ICO guidance aims to promote 'trust and transparency' in use of data for political campaigns
Regulator says new advice is particularly relevant as pandemic may impact campaigning ahead of May local polls
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The Information Commissioner’s Office has published new guidance on the use of personal data in political campaigning.
This comes ahead of elections in Scotland, Wales and England in May. The guidance has been updated to reflect changes in legislation as well as new technologies and campaigning methods.
Campaigners will have to comply with UK GDPR, which has replaced the EU’s GDPR as the UK’s data protection legislation, as well as the Data Protection Act 2018 and the Privacy and Electronic Communications (EC Directive) Regulations.
The new guidance covers the full lifecycle of a campaign from collecting and processing personal data to using targeted messages during a campaign, and what to do with data once a campaign has ended. It also gives specific advice on the processing of categories of data that need special protection, such as data that relates to racial or ethnic origin, health or political opinions.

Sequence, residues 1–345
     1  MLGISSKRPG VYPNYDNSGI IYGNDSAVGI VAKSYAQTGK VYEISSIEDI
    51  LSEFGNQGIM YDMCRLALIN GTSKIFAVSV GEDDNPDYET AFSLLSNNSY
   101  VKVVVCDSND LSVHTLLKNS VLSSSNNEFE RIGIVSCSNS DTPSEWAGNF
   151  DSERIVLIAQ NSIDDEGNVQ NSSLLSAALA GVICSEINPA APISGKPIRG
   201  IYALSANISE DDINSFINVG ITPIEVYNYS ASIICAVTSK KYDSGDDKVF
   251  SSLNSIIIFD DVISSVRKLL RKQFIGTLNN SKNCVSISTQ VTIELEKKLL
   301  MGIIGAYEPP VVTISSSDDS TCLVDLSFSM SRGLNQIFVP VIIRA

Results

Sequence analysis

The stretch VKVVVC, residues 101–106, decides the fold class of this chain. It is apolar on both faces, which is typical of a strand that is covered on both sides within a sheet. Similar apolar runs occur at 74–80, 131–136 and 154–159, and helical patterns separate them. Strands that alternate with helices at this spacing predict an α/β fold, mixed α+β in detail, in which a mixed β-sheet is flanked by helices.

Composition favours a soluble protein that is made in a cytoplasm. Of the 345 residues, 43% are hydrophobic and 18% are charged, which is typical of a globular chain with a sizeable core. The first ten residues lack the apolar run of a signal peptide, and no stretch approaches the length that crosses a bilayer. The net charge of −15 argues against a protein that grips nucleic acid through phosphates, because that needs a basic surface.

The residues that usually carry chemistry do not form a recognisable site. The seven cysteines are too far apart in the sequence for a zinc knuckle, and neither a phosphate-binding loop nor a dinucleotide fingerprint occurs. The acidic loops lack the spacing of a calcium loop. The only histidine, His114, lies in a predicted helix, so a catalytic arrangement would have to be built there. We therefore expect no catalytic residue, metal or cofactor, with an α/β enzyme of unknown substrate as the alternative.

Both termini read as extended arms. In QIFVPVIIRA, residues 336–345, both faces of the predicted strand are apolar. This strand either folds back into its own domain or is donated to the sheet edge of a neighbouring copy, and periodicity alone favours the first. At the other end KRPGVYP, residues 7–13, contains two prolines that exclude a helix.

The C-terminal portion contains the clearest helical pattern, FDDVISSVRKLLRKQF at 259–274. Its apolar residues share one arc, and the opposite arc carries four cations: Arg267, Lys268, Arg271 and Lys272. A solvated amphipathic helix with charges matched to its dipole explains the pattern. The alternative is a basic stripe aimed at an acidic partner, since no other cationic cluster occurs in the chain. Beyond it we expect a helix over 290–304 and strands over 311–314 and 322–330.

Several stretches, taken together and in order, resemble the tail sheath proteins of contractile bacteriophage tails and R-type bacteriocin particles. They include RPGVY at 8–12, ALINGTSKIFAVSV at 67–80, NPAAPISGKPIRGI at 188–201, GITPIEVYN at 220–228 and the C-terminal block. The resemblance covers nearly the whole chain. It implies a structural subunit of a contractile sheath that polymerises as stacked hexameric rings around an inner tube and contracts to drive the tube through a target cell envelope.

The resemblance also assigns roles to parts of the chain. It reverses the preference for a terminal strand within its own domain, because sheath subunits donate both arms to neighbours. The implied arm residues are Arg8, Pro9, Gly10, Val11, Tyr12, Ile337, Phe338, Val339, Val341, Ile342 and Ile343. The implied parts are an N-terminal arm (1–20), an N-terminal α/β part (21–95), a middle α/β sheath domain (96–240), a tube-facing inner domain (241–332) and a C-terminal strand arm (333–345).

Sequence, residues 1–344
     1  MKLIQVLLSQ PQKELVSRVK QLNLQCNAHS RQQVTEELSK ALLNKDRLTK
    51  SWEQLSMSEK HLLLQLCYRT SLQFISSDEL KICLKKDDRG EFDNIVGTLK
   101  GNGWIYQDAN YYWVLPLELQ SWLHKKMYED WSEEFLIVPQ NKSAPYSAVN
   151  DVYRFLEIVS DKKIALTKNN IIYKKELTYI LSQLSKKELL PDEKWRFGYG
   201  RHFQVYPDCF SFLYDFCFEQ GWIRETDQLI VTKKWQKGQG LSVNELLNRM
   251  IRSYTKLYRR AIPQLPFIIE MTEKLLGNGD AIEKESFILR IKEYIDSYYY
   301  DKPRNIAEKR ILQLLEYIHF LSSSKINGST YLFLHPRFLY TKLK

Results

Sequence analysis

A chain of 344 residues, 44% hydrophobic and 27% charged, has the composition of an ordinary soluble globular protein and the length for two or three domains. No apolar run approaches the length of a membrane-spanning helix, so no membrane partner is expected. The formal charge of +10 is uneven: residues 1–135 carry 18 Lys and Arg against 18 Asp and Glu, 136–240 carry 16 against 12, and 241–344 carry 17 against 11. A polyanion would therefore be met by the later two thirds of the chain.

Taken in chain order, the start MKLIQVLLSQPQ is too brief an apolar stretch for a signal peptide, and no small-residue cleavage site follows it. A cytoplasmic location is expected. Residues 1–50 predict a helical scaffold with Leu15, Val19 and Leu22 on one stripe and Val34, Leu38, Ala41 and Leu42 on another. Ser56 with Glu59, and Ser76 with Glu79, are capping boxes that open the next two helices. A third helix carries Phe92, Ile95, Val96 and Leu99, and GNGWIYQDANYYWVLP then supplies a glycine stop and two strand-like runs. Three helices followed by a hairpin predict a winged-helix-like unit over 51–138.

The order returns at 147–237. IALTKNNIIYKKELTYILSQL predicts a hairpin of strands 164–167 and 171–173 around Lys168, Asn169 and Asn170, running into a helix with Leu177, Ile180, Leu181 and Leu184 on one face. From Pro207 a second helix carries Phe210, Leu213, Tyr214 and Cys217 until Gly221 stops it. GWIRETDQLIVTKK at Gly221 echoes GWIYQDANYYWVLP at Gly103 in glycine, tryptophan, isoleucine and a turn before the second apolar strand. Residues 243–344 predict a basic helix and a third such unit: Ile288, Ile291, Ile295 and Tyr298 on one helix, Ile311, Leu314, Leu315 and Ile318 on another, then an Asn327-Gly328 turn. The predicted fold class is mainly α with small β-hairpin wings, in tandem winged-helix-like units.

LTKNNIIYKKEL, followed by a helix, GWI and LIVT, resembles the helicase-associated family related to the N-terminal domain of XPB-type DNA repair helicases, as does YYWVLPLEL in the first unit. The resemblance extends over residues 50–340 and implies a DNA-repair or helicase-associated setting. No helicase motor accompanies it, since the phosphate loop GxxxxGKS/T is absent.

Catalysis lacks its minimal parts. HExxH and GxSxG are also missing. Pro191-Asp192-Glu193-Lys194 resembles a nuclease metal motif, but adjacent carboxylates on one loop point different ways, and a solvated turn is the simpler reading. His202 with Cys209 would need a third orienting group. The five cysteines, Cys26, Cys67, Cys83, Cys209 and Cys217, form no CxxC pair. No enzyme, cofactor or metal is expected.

In a blog post about the new guidance, information commissioner, Elizabeth Denham, explained why it was needed.
She wrote: “Electoral Commission data has already shown a rapid acceleration in the use of digital political advertising over the past five years. The limitations on traditional door-to-door canvassing and static advertising due to the pandemic will make technological approaches even more essential this time around. There are clear benefits to society from a hybrid online/offline approach to campaigning, creating opportunities for campaigners and the electorate. It allows political parties to keep in touch with people efficiently, promotes more informed voting decisions and facilitates better engagement with hard-to-reach groups."
Denham added: “All of this contributes to the potential for increased engagement in democratic processes. The ICO has a role where people’s information is being used to support campaigning, for instance around profiling voters for targeted digital advertising. It is in everyone’s interest that where new techniques are used, there is a consistent application of data protection standards. By following processes built on trust and transparency, campaigners can comply with the law in a way that maintains public support. In this way, campaigners can maximise the societal benefits of greater democratic engagement that digital campaigning confers; and voters can have confidence that they are engaging in a process that is transparent and safeguards their right to know how their personal information is being used.”
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